Leola Chow completed a Bachelors of Science degree in genetics at the University of Alberta in 2000. As part of the program requirement, she completed an honours project in her last year of undergraduate studies. This parlayed into a summer research position, then a Master’s thesis which was ultimately completed as a Phd Thesis. Her thesis research investigated factors that determine cell fate. After graduating, Leola was awarded a Canadian Blood Services post-doctoral fellowship at St. Michael’s Hospital in Toronto where she studied autoimmune diseases related to blood. Currently, Leola is a post-doctoral fellow at the University of Manitoba where she tests treatments for asthma and arthritis.
Her graduate studies taught her basic laboratory skills required for performing sophisticated biological experiments, provided her with a comprehensive knowledge of molecular biology and also made her realize her affinity for medical research. Because of this, Leola was able to transition smoothly into a more clinical field for her post-doctoral research which involves hematology, cell analysis, human immune diseases and designing animal models to investigate these diseases. After many years of studying, researching and learning in a highly specialized field, Leola now considers herself a professional immunologist/geneticist with a specialization in immune diseases.
Having spent a number of years as both a graduate student and a postdoctoral fellow, Leola feels both positions are research intensive and require a lot of self-learning. As a PhD student, you are teaching yourself to be a critical and thorough research scientist and learning basic experimental techniques needed for more specialized research. As a post-doctoral fellow, there is less need for learning fundamental procedures and a more immediate jump into the research project. In addition, it is rare for a post-doctoral fellow in her field to teach while it is quite common that graduate students are part-time teaching assistants.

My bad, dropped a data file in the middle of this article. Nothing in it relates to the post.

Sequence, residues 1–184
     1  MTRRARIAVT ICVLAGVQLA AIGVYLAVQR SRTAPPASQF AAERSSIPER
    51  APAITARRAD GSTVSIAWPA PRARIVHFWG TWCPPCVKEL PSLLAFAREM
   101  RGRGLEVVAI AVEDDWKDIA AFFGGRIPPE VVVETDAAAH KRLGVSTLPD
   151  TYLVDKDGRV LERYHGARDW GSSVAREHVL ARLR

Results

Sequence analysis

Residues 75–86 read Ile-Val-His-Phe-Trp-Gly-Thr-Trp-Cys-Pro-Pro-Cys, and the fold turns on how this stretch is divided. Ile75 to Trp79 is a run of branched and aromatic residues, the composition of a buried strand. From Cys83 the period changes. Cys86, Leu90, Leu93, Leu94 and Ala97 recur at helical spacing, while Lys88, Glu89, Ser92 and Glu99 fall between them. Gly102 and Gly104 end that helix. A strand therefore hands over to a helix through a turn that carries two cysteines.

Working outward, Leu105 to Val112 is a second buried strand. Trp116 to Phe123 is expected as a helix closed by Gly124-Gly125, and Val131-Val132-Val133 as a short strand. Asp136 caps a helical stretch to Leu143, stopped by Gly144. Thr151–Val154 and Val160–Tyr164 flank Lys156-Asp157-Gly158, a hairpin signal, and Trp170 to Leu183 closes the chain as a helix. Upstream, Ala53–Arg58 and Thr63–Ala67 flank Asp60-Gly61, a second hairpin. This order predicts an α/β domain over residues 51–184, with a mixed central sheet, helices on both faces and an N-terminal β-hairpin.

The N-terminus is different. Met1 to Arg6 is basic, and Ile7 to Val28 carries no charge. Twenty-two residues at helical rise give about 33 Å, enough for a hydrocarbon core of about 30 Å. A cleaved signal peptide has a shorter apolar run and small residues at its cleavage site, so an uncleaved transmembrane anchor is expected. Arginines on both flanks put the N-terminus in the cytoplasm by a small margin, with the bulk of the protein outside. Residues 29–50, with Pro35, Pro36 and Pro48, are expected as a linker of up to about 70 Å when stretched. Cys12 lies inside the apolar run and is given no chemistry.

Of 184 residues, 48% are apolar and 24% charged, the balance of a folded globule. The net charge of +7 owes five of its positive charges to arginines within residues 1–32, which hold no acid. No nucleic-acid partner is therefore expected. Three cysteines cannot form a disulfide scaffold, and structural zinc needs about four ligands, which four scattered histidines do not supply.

A few words of wisdom from Leola for future and current graduate students are as follows. Consider a supervisor who is active in the laboratory and involved with his/her graduate students as well as someone who has a small research group. This allows for an open and intimate learning environment with opportunities for everyone to share and communicate. As a post-doctoral fellow, work with a researcher who is established because at this stage, the research is extremely intensive and hence, requires more resources and an experienced mentor. Lastly, having acquired her second post-doctoral position via networking, Leola wants you to know that it is never too early to network and open yourself to future career opportunities.
Thank you to Leola for taking the time to do this interview.